Posts Tagged ‘Rouhani’

UN General Assembly votes today on Iran: Joint appeal by NGOs

November 18, 2014

Today – 18 November 2014 – the General Assembly is due to vote on a Resolution concerning Iran. Although the human rights situation in Iran has shown some slight improvements since Rouhani became president, it seems that hardliners keep firm control over the judiciary and thus over the life and well-being of human rights defenders. Also Iran continues to deny access to the UN Special Rapporteur on Iran. The Joint Letter to the Member States of the UN General Assembly signed by numerous NGOs makes the point quite clearly:

see also: https://thoolen.wordpress.com/tag/iran/

Text of Letter:

Your Excellency:

We, the undersigned human rights and civil society organizations, write to urge your government to vote in favor of Resolution A/RES/69/L on the promotion and protection of human rights in the Islamic Republic of Iran. This vote will take place during the 69th session of the United Nations General Assembly, scheduled to take place in the Third Committee this Tuesday, 18 November 2014.

This resolution provides a crucial opportunity to reiterate ongoing human rights concerns identified by members of the international community and Iranian civil society. Sixteen months into the presidency of Hassan Rouhani, who won the election after promising to improve the human rights situation, those living in Iran continue to suffer violations at the hands of the authorities. Indeed, during last month’s Universal Periodic Review (UPR) of Iran at the UN Human Rights Council, several UN member states expressed dismay at Iran’s lack of progress over the last four years, including on many of the recommendations Iran had accepted during the first UPR cycle in 2010.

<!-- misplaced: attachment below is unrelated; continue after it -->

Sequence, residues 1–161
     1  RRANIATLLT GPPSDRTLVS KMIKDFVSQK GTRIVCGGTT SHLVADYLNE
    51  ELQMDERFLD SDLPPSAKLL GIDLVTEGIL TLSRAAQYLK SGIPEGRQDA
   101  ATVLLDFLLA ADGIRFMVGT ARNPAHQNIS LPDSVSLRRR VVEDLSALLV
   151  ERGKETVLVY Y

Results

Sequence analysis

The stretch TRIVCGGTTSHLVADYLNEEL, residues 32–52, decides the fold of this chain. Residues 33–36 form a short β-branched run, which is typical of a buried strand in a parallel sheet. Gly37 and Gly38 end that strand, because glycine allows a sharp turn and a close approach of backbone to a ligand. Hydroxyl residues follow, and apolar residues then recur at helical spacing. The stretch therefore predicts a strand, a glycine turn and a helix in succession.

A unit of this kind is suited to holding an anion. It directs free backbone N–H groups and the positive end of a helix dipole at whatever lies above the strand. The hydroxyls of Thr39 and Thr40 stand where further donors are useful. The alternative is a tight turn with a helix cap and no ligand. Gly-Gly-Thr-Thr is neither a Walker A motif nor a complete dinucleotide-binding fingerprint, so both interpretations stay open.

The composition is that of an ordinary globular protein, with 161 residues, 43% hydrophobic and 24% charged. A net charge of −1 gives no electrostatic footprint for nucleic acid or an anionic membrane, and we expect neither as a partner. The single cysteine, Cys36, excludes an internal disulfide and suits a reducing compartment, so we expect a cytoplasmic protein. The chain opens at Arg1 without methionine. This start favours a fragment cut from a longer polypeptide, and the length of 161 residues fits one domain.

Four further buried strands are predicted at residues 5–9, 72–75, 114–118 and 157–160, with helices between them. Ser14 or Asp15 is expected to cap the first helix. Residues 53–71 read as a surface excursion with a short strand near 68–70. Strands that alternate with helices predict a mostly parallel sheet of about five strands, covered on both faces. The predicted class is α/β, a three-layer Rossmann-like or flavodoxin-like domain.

Human rights abuses are deeply rooted in Iran’s laws and policies, both of which pose serious obstacles for much-needed rights reforms to take place. On 28 October 2014, the UN Special Rapporteur on the situation of human rights in the Islamic Republic of Iran, Dr. Ahmed Shaheed, reported that human rights in the country “remain of concern” and detailed violations of the rights to life, the rights to freedom from torture and discrimination based on gender, religion, and ethnicity, the rights to education, health, fair trial, freedom of expression, association, assembly, religion and belief, as well as limits on the press. Despite its 2005 standing invitation to the United Nations’ Special Procedures, Iran remains unwilling to accept their repeated requests to visit the country. Furthermore, the authorities have systematically worked to undermine the efforts of civil society in the country to promote and protect international human rights standards.